Suzanne Simard is a pioneer on the frontier of plant communication and intelligence who has been compared to Rachel Carson, and whose work has influenced James Cameron and Richard Powers.
In Finding the Mother Tree, Simard brings us into her world and shows us that trees are not simply the source of timber or pulp, but are a complicated, interdependent circle of life, and that forests are social, cooperative creatures connected through underground networks.
Trees perceive one another, learn and adapt their behaviors, recognize neighbors, and remember the past. They have agency about the future, elicit warnings and mount defenses, and compete and cooperate with one another just like humans do. At the center of this vast network are the Mother Trees: mysterious, powerful forces that connect and sustain those that surround them.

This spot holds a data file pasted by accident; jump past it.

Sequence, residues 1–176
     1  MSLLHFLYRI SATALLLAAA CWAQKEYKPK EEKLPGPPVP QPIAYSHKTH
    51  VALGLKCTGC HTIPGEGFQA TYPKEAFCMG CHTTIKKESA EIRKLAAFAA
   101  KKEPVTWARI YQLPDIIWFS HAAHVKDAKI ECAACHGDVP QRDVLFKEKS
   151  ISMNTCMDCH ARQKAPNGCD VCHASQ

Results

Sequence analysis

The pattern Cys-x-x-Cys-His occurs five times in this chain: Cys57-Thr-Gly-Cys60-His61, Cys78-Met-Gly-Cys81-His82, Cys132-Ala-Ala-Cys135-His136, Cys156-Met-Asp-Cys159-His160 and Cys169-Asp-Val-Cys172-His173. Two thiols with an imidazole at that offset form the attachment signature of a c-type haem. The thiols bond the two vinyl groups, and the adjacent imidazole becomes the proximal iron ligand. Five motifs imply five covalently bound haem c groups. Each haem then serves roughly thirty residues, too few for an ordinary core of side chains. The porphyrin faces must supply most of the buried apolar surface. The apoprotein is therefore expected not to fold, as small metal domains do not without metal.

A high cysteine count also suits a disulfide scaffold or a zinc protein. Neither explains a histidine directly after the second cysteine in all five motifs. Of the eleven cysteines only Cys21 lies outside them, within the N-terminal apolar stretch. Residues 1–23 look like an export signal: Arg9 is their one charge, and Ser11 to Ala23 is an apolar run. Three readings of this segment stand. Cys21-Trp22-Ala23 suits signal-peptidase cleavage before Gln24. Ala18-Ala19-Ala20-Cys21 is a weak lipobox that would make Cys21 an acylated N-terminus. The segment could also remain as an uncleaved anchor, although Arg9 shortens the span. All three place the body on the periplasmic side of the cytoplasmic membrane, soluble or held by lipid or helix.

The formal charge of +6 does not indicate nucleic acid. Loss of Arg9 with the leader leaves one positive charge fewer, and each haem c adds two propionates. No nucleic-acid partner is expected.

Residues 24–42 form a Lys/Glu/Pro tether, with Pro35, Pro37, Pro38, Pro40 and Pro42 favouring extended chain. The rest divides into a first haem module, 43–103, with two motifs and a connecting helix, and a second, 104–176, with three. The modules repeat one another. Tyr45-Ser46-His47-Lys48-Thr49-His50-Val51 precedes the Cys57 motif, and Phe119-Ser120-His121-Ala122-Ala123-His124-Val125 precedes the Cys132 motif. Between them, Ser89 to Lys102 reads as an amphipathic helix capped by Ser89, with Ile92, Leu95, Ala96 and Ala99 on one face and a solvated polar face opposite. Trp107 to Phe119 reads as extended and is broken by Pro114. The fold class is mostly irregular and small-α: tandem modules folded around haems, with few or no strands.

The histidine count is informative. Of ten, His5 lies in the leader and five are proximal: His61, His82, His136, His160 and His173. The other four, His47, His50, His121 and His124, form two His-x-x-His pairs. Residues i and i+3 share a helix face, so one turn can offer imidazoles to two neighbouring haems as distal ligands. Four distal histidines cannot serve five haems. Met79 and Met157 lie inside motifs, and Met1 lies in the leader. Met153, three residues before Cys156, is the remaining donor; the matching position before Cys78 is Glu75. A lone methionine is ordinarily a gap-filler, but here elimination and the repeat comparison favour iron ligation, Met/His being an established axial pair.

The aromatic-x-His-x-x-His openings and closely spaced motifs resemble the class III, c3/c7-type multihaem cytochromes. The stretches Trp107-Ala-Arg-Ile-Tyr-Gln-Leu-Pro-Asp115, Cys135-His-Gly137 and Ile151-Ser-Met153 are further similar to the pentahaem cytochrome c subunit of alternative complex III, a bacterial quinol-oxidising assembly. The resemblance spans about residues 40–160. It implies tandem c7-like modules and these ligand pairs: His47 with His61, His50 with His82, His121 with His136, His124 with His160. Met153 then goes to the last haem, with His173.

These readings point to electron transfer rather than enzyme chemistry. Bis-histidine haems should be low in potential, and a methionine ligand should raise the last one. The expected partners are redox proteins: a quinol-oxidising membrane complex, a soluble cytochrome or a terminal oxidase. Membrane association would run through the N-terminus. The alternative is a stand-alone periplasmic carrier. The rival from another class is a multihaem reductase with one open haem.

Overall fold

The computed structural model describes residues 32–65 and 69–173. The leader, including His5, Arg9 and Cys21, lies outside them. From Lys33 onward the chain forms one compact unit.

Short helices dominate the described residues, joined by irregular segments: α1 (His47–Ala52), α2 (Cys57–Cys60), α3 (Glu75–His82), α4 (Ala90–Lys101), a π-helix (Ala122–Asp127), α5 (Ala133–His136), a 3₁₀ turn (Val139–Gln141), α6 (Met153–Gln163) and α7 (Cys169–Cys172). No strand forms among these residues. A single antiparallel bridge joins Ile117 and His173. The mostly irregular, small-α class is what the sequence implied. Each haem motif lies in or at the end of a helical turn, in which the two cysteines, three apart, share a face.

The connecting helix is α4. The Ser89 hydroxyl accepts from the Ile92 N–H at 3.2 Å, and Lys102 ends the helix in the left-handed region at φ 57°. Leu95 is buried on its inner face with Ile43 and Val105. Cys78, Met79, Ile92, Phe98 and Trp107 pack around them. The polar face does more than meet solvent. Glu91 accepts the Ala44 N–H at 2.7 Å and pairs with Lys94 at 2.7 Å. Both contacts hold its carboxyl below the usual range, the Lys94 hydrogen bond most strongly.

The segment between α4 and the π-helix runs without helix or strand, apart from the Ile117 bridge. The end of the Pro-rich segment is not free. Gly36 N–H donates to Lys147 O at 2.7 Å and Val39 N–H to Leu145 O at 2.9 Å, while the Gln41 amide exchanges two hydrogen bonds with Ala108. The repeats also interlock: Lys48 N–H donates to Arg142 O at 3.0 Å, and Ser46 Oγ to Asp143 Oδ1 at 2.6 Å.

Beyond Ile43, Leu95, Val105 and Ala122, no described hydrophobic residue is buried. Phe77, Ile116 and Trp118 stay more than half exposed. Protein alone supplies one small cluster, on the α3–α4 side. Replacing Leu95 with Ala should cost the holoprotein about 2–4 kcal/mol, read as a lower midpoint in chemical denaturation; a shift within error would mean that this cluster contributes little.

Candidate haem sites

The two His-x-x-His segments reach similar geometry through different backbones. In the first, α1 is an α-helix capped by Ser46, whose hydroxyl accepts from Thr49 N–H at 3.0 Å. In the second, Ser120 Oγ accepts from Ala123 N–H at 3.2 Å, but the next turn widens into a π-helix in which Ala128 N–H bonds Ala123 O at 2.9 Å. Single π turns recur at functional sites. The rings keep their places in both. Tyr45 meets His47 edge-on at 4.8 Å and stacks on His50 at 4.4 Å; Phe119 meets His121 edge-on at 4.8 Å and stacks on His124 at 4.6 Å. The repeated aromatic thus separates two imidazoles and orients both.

Simard uses her own journey to demonstrate that scientific inquiry exists beyond data and technology, that it is about understanding who we are and our place in the world. Through Simard’s life we see that the Mother Tree that nurtures the forest the way that families and communities influence human societies, and how these inseparable bonds enable all survival.